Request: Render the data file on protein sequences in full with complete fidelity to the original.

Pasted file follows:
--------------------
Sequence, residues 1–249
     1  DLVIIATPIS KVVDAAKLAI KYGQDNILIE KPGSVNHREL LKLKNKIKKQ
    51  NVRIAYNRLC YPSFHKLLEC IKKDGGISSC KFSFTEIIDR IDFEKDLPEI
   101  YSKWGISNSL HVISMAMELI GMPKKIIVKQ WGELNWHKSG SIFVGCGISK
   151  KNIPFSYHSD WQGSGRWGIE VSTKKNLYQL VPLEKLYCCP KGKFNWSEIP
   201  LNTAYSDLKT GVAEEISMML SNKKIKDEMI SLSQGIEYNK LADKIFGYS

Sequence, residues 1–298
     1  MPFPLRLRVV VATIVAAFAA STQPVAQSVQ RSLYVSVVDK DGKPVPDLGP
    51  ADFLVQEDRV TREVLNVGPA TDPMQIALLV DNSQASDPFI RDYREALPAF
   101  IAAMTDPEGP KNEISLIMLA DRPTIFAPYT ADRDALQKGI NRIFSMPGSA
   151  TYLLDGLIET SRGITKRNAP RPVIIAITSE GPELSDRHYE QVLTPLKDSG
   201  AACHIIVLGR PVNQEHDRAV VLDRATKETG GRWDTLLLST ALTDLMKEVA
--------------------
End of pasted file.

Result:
Sequence, residues 1–249
     1  DLVIIATPIS KVVDAAKLAI KYGQDNILIE KPGSVNHREL LKLKNKIKKQ
    51  NVRIAYNRLC YPSFHKLLEC IKKDGGISSC KFSFTEIIDR IDFEKDLPEI
   101  YSKWGISNSL HVISMAMELI GMPKKIIVKQ WGELNWHKSG SIFVGCGISK
   151  KNIPFSYHSD WQGSGRWGIE VSTKKNLYQL VPLEKLYCCP KGKFNWSEIP
   201  LNTAYSDLKT GVAEEISMML SNKKIKDEMI SLSQGIEYNK LADKIFGYS

Sequence, residues 1–298
     1  MPFPLRLRVV VATIVAAFAA STQPVAQSVQ RSLYVSVVDK DGKPVPDLGP
    51  ADFLVQEDRV TREVLNVGPA TDPMQIALLV DNSQASDPFI RDYREALPAF
   101  IAAMTDPEGP KNEISLIMLA DRPTIFAPYT ADRDALQKGI NRIFSMPGSA
   151  TYLLDGLIET SRGITKRNAP RPVIIAITSE GPELSDRHYE QVLTPLKDSG
   201  AACHIIVLGR PVNQEHDRAV VLDRATKETG GRWDTLLLST ALTDLMKEVA